For teachers of early years and Key Stage one in primary, a third warned it would take more than 18 months while 30 per cent of PE teachers and 24 per cent of art and design and technology teachers thought the same.


School closures ban


Nearly four in ten – 38 per cent – of teachers agree or strongly agree with banning school closures and classing them as ‘essential infrastructure’.


The move is proposed by senior Tory MP Rob Halfon, the chairman of the education select committee, who wants school closures to be banned unless they are voted for in parliament. 


Mr Halfon has put forward a Private Members’ bill to argue the case, saying that school closures and lockdowns had led to massive gaps in learning and to a safeguarding crisis.


Many teachers remain uncertain about the proposed ban, with 29 per cent saying they were unsure whether they backed it.


Slightly fewer teachers were against the ban – with 20 per cent disagreeing and 10 per cent strongly disagreeing.


Primary school teachers remained marginally more supportive of keeping schools open – with 39 per cent agreeing or strongly agreeing with a ban on future closures, 30 per cent being uncertain, nine per cent strongly disagreeing and 18 per cent disagreeing.


Among secondary school teachers, 39 per cent agreed or strongly agreed with a ban on closures while 27 per cent were unsure and a third disagreed or strongly disagreed.

The split was starkest between state and private schools.


Private schools were much more likely to want to stay open – with 25 per cent strongly in favour compared with 15 per cent in the state sector.


Overall, 48 per cent of private school teachers backed the ban compared to 37 per cent in the state sector.


Private primaries were strongly in favour of Mr Halfon’s proposals by 53 per cent compared to state primaries on 38 per cent.


Just 37 per cent of state secondary school teachers backed the ban compared to nearly half – 48 per cent – of private secondaries.


More state secondary teachers disagreed with the ban – with 34 per cent disagreeing or strongly disagreeing – than private secondary teachers (23 per cent).


For private primaries, just 20 per cent opposed the move compared with 28 per cent in state primaries.


A further 23 per cent of private school teachers agreed with the ban on closures compared to 22 per cent of state schools,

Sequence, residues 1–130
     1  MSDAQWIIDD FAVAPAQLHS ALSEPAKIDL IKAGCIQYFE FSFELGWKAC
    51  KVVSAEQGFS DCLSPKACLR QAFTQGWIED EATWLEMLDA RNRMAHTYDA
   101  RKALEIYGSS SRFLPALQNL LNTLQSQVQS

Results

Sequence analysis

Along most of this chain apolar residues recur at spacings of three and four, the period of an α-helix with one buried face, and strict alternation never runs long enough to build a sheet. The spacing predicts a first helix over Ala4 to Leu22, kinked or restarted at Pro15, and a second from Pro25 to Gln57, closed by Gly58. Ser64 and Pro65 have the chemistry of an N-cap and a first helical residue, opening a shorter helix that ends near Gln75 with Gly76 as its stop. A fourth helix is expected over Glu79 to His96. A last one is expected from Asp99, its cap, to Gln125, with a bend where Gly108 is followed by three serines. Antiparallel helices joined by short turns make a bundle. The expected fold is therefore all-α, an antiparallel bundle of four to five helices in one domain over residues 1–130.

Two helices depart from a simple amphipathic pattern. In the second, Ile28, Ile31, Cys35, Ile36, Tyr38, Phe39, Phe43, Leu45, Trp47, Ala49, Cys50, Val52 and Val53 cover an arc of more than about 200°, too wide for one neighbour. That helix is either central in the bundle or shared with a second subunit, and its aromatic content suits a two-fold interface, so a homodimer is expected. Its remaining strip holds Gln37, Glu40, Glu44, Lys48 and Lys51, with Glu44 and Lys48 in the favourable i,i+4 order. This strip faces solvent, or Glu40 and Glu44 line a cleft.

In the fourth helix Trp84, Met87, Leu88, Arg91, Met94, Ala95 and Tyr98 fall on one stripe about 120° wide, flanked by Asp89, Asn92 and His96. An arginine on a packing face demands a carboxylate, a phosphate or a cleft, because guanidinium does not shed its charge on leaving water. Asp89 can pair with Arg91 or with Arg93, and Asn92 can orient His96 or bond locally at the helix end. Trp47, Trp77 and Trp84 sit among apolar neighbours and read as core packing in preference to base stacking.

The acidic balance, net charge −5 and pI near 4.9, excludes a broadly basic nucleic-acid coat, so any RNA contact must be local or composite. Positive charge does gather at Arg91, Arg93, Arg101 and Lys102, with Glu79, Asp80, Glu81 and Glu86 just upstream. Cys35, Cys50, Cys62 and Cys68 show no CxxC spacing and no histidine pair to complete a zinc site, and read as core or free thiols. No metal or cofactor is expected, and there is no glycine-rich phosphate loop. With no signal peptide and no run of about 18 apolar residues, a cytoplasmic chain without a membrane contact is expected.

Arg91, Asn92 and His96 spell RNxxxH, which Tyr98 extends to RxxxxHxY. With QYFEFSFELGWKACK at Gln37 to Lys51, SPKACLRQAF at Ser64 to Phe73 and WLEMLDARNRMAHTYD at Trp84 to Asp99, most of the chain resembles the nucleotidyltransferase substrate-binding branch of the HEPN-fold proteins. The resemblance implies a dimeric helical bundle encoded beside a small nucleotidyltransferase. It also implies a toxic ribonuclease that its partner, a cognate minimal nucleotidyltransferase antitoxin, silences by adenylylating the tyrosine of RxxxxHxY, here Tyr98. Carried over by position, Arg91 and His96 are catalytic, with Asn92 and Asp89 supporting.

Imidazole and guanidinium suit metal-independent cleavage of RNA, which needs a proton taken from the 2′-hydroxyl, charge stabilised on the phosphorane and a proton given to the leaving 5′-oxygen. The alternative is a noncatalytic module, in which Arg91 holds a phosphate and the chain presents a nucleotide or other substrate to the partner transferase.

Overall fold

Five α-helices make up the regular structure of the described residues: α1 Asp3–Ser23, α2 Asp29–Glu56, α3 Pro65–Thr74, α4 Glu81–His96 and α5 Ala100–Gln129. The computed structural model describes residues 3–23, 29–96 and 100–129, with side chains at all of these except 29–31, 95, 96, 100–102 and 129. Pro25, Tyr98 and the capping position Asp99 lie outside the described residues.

Headteachers were also more likely to be very supportive of keeping schools open – with 42 per cent strongly agreeing or agreeing with an outright ban compared with just 35 per cent of classroom teachers.


There were also regional variations, with London schools most in favour of a ban on closures – 40 per cent vs 31 per cent in the East of England. A third of teachers in the East of England disagreed or strongly disagreed with school closures while that figure was 29 per cent in London; 35 per cent in the Midlands, 31 per cent in the North West, 32 per cent in the South East, 30 per cent in the South West and 28 per cent in Yorkshire and the North East.


Schools rated as ‘Outstanding’ by Ofsted were the most likely to want to stay open – with 38 per cent supporting the proposed ban compared to 34 per cent of schools rated as ‘Good’ and 33 per cent of schools rated as ‘inadequate’ or ‘requires improvement’.


Eve Harper, event director, at Bett UK at Hyve Group plc, said: “Our survey shows that teachers are clearly concerned that the learning gap has widened since the pandemic. More teachers think that the Covid catch-up will take 18 months or more. There is also a stark difference in how long state school teachers fear it will take for pupils to recover lost learning compared with private school teachers. Education technology has been pivotal during remote learning and beyond but it is clear that there is a great deal to do to ensure that all students are given the very best opportunity to catch up and that teachers feel well supported in their roles.